Sisyphus: The Myth (2021) First Impressions

My youngest said this when asked about her impressions of this new offering from Netflix, "I like science fiction, I like fantasy and I like mystery. This checks all the boxes." Well, she's undoubtedly a chip off the old block so it bears to reason that this latest out of K dramaland would also appeal to her mother. When I saw the first trailers in December (was it?) it was obvious that this would be entirely up my alley. Without any kind of context, what I saw said "science fiction" in flashing lights. I happened to mention that on Janghaven Forums which generated some discussion about locating it generically. At the time it was a mix of the action sequences and the technology that gave off a sci-fi vibe. Plus the fact that I'd watched a couple of episodes of the C drama Light On Series: Sisyphus (2020) earlier on which had a potentially intriguing Groundhog Day type of storyline. The C drama showed promise but I'd read on MDL that somebody managed to completely botch the resolution -- which didn't come entirely as a surprise -- so I immediately ended my relationship with that show.

Although Sisyphus arguably seems like the most expensive looking science fiction K drama that I've seen since Alice, it also feels like the most raucous and... fun. There's a surprising lack of brooding moodiness that has characterized the others. Sure, there's a bit angst because the protagonist Han Tae-sul is carrying around the dead family baggage trope with an unhealthy cocktail of pills. Lots of them as a matter of fact. However, there's a surprising number of comedic moments. Bleakly humorous perhaps but it could be a testament to my sense of humour that the drama sends me chuckling now and again. There's enough nuttiness in these early episodes to satisfy action adventure fans but Tae-sul himself is an idiosyncratic figure, patterned after many a tech entrepreneur... no names mentioned. While the CEO of Quantum and Time adopts a larger-than-life persona, he is undoubtedly brilliant to have made it as far as he has. At least that's evident from all the MacGyvering and obvious sciency stuff that the audience is privy to. The playboy persona seems a bit contrived, calculated to be a cover story but at this stage I'm loath to jump to too many hard and fast conclusions. The man clearly has problems but overall I find him likeable. And as I've said it elsewhere, Cho Seung-woo is rocking it and honestly, it feels like he's having the time of his life, probably ecstatic to break out of the Si-mok restraints of the Stranger franchise.

Han Tae-sul is a fabulously rich guy who despite being surrounded by the usual trappings of wealth is really a nerd at heart. He's very hands-on despite having a man about the house that drives him around and a bestie who makes sure that the business engine continues humming along as he placates the conservative pencil pushers who insist that Tae-sul take more interest in the bottom line. Tae-sul is the sort of character I recognize (and am fond of) having being surrounded by nerds my entire life. But he's been thrown into the mind boggling situation of wondering now if his deceased brother Tae-sun is really ashes in an urn. And we know that he's about to be, if he isn't already, cast into a situation whereby his sense of normality will be challenged on every front. There's little question that some kind of temporal device is at play here but the drama is being cunningly mysterious about the mechanics so far.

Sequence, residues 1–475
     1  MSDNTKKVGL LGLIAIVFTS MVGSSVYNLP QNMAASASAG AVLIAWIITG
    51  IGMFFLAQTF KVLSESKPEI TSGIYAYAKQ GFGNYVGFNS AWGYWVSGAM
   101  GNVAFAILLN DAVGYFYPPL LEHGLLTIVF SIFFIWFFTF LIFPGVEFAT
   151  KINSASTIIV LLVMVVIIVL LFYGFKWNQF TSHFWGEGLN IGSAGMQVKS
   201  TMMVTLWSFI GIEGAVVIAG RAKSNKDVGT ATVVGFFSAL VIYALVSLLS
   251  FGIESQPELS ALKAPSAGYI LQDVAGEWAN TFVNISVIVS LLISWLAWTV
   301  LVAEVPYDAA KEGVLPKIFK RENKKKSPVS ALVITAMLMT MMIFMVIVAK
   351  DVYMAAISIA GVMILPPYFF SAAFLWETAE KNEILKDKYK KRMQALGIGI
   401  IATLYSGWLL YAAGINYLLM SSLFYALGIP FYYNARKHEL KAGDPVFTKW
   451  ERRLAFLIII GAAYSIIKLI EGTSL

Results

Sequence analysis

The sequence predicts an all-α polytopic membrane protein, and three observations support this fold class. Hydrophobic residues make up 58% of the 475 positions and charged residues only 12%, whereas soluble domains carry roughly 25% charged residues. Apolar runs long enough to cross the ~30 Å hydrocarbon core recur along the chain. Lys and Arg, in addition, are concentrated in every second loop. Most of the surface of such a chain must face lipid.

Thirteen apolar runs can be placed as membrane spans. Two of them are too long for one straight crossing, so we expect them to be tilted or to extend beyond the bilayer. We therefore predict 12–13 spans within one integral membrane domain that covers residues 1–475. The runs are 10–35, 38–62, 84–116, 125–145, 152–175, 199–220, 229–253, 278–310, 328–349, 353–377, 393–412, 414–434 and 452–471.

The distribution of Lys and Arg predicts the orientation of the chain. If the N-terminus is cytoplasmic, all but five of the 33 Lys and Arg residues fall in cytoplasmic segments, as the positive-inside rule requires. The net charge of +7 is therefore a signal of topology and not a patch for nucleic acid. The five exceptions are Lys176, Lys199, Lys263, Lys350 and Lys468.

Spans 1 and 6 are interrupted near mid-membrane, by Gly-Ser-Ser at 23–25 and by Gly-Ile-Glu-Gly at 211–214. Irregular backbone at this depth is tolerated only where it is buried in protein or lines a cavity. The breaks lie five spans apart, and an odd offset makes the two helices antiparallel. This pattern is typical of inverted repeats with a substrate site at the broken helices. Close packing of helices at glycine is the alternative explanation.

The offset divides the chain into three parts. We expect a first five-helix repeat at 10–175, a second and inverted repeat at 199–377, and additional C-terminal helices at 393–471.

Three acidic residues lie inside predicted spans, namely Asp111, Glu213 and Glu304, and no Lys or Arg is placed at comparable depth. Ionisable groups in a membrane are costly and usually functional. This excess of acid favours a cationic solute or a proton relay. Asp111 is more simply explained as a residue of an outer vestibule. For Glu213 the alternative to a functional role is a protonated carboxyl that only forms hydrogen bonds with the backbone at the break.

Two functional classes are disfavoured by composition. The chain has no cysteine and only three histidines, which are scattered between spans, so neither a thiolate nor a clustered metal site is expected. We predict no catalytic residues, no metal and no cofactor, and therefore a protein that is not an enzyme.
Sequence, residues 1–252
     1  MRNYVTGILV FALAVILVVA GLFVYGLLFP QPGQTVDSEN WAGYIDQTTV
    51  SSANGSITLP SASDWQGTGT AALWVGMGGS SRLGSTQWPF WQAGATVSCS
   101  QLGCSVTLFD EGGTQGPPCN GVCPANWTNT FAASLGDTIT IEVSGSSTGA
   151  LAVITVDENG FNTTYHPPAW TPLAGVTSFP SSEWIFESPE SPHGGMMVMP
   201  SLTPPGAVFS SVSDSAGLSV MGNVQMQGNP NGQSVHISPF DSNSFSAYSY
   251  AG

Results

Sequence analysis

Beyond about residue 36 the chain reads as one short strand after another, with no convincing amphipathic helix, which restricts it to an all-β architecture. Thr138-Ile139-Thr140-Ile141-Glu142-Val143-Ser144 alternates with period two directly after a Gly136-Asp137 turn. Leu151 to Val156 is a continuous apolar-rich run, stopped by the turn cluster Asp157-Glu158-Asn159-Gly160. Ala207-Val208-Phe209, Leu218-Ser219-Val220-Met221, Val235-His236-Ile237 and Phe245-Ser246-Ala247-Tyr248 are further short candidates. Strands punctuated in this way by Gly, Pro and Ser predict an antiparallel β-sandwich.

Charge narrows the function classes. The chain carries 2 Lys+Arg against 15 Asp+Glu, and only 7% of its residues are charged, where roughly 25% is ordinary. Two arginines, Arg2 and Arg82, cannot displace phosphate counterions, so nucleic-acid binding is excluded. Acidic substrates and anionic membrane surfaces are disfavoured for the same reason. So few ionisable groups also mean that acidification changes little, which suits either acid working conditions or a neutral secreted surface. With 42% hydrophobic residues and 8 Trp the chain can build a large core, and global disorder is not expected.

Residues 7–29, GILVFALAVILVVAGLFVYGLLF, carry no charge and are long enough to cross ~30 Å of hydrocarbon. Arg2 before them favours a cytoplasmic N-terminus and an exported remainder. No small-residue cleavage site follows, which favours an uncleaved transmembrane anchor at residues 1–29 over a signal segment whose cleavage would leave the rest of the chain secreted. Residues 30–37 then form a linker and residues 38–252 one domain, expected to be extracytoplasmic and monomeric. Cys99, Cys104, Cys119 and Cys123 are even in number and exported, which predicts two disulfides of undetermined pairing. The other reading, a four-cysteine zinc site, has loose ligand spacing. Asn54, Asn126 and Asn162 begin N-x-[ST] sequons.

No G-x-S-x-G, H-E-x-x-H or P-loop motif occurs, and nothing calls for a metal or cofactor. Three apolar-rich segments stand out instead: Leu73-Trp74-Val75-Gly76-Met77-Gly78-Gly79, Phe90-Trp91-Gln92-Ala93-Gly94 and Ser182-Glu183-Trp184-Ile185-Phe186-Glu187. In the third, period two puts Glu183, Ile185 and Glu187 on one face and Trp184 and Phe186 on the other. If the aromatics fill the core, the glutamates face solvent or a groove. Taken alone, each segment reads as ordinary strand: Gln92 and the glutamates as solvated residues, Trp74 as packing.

Park Shin-hye as the visitor from a dystopian future seems to be more in her element here than I last saw her in Memories of the Alhambra. I'm of the view that she's one of those actors that does better when she plays off stronger co-stars. That said the action hero role seems to suit her and probably not having a lot of dialogue to contend with helps. Her character Seo-hae predictably has some connection with Tae-sul, possibly romantic but portends doom. There are these fascinating dream-like sequences interwoven all throughout which leads me to wonder if they are oracles or memories ie. flashbacks or flashforwards. Some appear to be memories while others seem out of sync with events we've been witnessed to. Without an outline of the bigger the picture, we can only speculate at this point.

My enthusiasm for the drama in part comes from an abiding affection for dystopian narratives. The whole idea that the world seems fine but there's a hidden conspiracy in the background is always something to look forward to. A favourite which is patterned after 1984 and Fahrenheit 451 is the Christian Bale 2002 film, Equilibrium which has one of the best gun fight sequences I've ever seen. A world where anything that threatens the equilibrium of the society is quietly eliminated and emotions are controlled by the mandatory use of drugs. It's quite eerie in how topical it's become particularly in this current situation where governments are discussing mandatory vaccinations and policing them.

If there's any criticism of Sisyphus to be had, it would be the cartoony action sequences. However, as the tech/weaponry that's at play here isn't clear I am hesitant about being too critical. It might be that the guns don't shoot fatal bullets and the Control Bureau (has resonances of Men in Black here) can somehow teleport from one location to the next. There's also been some criticism of the plane incident which seemed unnecessary prolonged. It did seem to be long but on hindsight I think there was method in dwelling on Tae-sul's antics and interactions during that near-death experience.

Overall the drama shows a great deal of promise. My family likes it and I like it. Which says a lot considering we don't watch a lot of dramas together. There is a lot to like, production values are high and I'm getting nice Circle and Nine vibes.